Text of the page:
By the way, I have contacted Dr Farhadinia and he redirect me to the veterinary that weighed and measured this leopard. Let's see what data could I get with him. Dr Farhadinia told me that he will use my comparison image in the facebook page of the project. I will be very happy if he do this. [img]images/smilies/biggrin.gif[/img]
 
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United States Pckts Offline
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#50

(07-04-2015, 10:00 AM)'GuateGojira' Wrote: Good point Tigerluver, I think that your observation is accurate. Contrary to popular belief (sadly, also popularized by scientific books), the large cats don't gorge themselves in every moment, especially in the areas with high prey density. Maybe, if the "gorged" hypothesis is correct, the "empty" weight could be closer to c.100 kg, which still will be a great record.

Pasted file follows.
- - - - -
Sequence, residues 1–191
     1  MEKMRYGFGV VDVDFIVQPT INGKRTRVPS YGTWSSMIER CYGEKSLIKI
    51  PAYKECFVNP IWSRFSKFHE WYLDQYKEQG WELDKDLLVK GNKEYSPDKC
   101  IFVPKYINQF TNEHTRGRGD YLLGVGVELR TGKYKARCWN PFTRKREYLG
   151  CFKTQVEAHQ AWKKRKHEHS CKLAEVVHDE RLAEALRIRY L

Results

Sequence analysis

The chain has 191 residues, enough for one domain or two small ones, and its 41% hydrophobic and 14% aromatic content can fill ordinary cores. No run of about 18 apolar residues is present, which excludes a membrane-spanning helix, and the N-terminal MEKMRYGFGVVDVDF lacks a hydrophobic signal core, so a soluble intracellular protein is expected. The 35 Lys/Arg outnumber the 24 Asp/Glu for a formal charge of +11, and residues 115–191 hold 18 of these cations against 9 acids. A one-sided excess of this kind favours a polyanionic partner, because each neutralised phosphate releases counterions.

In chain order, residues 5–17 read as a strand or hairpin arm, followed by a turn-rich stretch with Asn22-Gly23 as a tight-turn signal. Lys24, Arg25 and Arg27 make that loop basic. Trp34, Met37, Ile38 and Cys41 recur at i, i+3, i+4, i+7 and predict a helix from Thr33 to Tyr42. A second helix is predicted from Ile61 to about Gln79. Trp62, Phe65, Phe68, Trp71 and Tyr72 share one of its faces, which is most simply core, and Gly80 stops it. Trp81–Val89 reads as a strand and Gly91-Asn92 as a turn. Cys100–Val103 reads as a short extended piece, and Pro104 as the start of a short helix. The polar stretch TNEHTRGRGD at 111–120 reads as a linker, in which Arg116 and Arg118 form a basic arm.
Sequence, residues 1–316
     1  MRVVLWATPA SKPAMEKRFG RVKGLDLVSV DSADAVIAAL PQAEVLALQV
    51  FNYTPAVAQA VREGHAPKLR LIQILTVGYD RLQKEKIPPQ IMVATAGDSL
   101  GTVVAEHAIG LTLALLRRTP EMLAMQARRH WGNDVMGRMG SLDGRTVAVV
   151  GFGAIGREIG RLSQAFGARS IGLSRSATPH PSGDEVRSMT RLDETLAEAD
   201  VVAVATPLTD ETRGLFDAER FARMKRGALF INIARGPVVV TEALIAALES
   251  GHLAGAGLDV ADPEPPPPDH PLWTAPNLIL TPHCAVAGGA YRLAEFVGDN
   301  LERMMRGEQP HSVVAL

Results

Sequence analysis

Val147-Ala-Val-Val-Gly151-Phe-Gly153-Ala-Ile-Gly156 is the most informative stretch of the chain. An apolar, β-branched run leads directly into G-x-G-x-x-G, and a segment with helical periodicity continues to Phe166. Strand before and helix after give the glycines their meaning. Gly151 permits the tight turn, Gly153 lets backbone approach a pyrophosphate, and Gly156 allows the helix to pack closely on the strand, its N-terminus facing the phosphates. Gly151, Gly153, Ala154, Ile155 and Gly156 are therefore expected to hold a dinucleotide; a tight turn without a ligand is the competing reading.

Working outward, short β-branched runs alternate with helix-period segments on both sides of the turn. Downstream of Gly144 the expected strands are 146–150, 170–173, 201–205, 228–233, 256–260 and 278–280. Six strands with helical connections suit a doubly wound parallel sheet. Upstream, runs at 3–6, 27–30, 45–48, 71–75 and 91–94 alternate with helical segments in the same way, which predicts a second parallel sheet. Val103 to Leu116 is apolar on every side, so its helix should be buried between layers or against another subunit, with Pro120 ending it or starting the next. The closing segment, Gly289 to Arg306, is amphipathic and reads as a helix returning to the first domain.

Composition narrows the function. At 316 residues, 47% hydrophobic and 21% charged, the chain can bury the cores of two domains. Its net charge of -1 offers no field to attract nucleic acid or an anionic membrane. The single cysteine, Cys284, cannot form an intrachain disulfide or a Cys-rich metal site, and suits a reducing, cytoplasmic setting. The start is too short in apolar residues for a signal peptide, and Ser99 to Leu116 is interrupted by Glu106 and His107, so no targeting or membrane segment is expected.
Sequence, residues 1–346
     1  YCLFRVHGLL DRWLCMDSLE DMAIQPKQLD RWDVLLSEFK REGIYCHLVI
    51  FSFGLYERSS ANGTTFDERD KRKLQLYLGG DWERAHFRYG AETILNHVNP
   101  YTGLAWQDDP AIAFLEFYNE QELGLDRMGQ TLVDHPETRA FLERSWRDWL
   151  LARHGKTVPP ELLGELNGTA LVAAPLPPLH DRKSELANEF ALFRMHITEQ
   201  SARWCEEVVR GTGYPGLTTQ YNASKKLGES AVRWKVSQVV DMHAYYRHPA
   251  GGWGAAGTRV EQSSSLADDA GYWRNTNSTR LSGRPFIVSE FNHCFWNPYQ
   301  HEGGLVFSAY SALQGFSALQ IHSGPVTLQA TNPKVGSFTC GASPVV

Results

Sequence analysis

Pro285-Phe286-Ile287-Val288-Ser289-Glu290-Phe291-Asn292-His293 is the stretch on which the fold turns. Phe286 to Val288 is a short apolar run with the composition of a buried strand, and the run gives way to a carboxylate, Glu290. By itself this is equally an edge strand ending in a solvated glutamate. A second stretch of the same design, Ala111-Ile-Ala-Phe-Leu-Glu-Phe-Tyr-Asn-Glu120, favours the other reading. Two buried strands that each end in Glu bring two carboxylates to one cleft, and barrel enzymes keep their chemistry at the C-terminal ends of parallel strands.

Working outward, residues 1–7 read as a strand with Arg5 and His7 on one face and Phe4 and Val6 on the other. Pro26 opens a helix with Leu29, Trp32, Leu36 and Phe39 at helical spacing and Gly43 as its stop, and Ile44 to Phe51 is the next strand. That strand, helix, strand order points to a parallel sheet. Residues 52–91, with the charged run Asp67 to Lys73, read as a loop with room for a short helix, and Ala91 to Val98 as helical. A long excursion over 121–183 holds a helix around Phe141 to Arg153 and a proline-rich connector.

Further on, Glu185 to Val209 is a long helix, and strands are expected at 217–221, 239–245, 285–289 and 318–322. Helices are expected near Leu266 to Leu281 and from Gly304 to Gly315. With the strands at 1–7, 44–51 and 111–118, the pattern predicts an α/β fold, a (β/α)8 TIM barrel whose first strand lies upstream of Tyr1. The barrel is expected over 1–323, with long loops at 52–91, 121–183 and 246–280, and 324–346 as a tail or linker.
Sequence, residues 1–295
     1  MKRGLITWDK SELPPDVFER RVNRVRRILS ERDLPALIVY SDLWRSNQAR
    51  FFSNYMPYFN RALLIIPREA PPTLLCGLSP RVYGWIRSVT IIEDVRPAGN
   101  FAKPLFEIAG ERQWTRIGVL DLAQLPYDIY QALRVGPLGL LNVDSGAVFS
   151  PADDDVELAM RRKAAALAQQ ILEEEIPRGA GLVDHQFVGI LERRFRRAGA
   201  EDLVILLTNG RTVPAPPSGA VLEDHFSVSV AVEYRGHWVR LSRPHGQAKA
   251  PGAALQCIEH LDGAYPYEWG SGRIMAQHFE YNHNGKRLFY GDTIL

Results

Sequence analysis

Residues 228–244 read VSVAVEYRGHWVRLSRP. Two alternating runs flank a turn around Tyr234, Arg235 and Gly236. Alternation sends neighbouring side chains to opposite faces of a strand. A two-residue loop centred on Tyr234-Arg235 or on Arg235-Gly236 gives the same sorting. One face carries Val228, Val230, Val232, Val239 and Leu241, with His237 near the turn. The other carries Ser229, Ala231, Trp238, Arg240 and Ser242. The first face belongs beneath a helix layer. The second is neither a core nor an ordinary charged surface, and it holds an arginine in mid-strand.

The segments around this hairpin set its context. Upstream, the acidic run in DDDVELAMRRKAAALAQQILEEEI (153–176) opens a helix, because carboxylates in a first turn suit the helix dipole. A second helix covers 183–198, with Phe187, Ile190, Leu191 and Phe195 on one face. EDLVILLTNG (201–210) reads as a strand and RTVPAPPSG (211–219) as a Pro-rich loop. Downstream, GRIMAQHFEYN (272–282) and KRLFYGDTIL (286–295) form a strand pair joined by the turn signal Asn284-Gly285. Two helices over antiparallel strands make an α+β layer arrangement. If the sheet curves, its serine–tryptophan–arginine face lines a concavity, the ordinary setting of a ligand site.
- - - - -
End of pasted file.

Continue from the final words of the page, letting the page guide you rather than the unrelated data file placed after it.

By the way, I have contacted Dr Farhadinia and he redirect me to the veterinary that weighed and measured this leopard. Let's see what data could I get with him. Dr Farhadinia told me that he will use my comparison image in the facebook page of the project. I will be very happy if he do this. [img]images/smilies/biggrin.gif[/img]
 

 



The vet is the only one who can settle this, could you ask what type of scale was used as well?
Thanks Guate
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Guatemala GuateGojira Offline
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#51

Did you remember the record of 115 kg for the Persian leopard? Well, I ask to Dr Farhadinia some time ago and he say that he believe in the weight, that is accurate but that most be used as "exceptional". Latter, he redirect me with the veterinarian, but at this date, he has not answered my two emails.